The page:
At least 33 police officers killed in massive blast in Indian Kashmir

SRINAGAR. KAZINFORM At least 33 paramilitary officers were killed on Thursday in a powerful bomb blast that struck a convoy of security forces on a busy highway in the restive Indian-administered Kashmir, officials said, EFE reported.

Police said the attack, which left an unknown number of paramilitary troopers wounded, took place in south Kashmir's Pampore area, some 25 kilometers (15 miles) from Srinagar city, the summer capital of the state.

"One vehicle which was part of the convoy carrying CRPF Personnel bore the brunt of the blast resulting in multiple casualties, whose exact number is being ascertained," Kashmir police said in a statement. "So far, 33 fatal causalities have been confirmed."

Police sources said a damaged private car was found near the CRPF vehicle that had been hit by an explosion and that they could be dealing with a suspected suicide car bomb attack.

An official at Srinagar Police Control Room said they were trying to confirm if it was a suicide attack.

Sources said dozens of ambulances carried the wounded soldiers to the Indian Army's 92-Base hospital in Srinagar.

Following the explosion, traffic was halted on the highway, which had just re-opened after a heavy snowfall, and the scene of the suspected attack was cordoned off by security forces, who have opened an investigation into the incident.

The Jaish-e-Mohammad militant outfit claimed responsibility for the attack in a statement issued to local media, saying one of its suicide bombers had carried it out.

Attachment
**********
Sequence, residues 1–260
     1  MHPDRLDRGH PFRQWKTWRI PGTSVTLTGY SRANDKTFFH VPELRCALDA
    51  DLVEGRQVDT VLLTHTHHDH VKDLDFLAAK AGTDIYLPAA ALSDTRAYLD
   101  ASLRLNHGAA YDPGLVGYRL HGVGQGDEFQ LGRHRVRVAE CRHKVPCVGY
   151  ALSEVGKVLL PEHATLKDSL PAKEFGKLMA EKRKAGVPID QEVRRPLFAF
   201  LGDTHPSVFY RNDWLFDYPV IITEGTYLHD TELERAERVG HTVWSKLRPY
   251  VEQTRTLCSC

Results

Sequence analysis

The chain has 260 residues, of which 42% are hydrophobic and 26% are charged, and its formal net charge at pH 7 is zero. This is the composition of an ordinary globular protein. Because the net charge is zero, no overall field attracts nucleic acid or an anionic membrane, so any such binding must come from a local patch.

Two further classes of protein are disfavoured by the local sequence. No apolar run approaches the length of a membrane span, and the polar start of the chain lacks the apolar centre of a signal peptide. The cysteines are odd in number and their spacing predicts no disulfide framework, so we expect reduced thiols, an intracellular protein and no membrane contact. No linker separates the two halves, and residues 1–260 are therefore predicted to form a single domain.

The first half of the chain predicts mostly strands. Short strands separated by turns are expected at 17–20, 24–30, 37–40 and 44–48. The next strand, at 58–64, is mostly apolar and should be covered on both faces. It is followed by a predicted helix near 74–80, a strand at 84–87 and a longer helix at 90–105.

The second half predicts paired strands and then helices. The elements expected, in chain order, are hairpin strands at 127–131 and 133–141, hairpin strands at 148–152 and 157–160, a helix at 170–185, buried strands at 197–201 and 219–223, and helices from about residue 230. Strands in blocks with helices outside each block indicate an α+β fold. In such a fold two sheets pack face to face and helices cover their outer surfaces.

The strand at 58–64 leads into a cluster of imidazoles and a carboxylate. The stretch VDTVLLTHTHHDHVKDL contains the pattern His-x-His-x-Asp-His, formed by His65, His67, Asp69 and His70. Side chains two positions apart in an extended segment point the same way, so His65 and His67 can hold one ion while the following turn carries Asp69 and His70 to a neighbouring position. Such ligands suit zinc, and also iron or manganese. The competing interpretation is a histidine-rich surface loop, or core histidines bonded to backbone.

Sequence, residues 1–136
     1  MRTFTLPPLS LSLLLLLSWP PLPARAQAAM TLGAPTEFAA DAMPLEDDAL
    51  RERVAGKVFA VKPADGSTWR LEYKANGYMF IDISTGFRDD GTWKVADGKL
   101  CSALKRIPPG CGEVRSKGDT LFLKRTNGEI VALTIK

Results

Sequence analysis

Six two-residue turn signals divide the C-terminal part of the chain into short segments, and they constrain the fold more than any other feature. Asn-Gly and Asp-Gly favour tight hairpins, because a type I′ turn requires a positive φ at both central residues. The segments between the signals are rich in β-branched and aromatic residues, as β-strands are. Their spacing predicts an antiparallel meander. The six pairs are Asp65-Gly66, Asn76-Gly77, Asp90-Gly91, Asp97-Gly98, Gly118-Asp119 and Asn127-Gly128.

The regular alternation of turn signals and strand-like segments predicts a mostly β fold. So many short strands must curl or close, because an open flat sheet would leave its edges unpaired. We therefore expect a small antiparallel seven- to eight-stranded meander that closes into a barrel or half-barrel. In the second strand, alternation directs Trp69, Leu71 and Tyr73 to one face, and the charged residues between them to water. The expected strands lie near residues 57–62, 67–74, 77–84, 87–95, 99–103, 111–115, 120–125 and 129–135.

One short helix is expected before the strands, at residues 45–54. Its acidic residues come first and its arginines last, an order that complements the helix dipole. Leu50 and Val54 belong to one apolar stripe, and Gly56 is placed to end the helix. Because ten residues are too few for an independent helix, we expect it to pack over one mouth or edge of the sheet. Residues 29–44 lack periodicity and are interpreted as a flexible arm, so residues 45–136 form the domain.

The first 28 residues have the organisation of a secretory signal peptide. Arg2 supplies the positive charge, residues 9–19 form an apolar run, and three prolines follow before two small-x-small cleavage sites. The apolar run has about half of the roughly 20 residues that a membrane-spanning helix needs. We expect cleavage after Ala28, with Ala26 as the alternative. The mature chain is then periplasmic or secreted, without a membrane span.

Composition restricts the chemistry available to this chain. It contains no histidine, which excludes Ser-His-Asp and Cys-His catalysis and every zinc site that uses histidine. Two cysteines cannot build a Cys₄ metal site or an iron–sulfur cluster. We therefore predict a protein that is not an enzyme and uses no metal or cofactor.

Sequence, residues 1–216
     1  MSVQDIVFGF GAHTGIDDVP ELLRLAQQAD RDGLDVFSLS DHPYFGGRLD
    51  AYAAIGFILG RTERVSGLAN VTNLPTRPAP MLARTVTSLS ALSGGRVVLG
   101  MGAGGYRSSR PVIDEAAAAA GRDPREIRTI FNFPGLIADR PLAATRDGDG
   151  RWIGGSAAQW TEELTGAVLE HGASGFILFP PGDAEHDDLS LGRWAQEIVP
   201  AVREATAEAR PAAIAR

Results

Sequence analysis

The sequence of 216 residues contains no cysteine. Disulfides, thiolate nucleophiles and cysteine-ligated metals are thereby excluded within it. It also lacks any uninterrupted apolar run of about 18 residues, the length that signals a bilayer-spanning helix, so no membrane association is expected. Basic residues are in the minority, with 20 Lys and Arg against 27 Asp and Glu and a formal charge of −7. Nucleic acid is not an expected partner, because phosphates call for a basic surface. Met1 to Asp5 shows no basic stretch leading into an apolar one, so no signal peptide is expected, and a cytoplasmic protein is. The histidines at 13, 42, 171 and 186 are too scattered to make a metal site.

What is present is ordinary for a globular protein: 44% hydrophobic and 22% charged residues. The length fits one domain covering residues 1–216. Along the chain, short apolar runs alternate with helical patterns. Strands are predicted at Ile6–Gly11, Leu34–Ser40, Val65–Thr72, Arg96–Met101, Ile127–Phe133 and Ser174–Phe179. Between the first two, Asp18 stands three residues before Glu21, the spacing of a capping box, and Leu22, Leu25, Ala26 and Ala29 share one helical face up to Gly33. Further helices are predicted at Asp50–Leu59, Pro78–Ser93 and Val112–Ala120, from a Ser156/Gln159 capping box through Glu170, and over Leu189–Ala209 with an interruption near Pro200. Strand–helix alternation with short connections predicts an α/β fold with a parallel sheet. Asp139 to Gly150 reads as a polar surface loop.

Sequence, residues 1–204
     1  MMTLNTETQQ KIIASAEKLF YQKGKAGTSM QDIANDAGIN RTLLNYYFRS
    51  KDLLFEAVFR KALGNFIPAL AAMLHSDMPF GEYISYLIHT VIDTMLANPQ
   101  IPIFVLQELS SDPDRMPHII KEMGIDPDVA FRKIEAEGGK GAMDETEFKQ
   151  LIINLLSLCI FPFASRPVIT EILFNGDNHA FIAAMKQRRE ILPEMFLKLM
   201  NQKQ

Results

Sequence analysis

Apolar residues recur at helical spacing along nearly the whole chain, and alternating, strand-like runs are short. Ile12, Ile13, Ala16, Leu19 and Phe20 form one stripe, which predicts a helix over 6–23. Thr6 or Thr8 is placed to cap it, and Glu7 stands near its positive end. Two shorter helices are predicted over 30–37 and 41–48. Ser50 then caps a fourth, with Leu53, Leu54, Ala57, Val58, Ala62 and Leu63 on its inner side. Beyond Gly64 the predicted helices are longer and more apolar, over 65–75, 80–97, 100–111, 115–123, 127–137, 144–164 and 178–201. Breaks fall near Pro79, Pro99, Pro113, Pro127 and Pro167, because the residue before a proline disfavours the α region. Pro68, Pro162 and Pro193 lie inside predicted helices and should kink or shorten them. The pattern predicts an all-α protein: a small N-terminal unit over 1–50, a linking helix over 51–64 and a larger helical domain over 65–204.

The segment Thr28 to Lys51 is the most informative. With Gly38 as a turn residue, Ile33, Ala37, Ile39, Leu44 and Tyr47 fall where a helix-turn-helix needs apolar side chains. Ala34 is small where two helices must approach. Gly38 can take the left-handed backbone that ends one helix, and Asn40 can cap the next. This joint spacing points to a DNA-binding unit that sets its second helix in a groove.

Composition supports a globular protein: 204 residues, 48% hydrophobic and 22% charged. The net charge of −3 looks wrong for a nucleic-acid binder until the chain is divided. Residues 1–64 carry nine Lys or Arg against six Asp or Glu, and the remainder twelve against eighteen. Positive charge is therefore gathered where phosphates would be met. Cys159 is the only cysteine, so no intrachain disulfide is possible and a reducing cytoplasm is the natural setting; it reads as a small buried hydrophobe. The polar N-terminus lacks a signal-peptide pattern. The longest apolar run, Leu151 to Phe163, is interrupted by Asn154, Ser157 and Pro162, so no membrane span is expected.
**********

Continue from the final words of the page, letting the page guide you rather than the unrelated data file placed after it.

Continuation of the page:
Authorities cut off internet access in south Kashmir and decreased its speed in Srinagar after reports emerged that thousands had started gathering in Kakapora, the native village of the suspected bomber, in support of him.

The former chief minister of the state, Omar Abdullah, said in a tweet that a number of officers were "reported to have been killed and injured."

"I condemn this attack in the strongest possible terms... Jaish has claimed the blast as a suicide attack, reminiscent of the dark days of militancy pre-2004-05," he said.

The idyllic Kashmir Valley in north India has been battling three decades of an armed rebellion that has left tens of thousands dead and many more injured.

Violence involving militants and security forces has surged in recent months in India's only Muslim-majority state, located in the foothills of the Himalayas.

The region is divided into India-administered and Pakistan-administered Kashmir, although both India and Pakistan claim complete sovereignty over the region.

The countries have waged two major wars and several minor conflicts over the territory that is separated by a provisional border, making it one of the most militarized regions in the world.

Violence surged in the state in the past couple of years since the Indian government launched a major offensive to hunt down militants.

More than 250 militants were killed in 2018, the highest annual toll in more than a decade.

India blames Pakistan for sponsoring terrorism in Kashmir, an allegation Islamabad has been denying with counter accusations that Indian forces were committing human rights abuses against Kashmiris.

Currently reading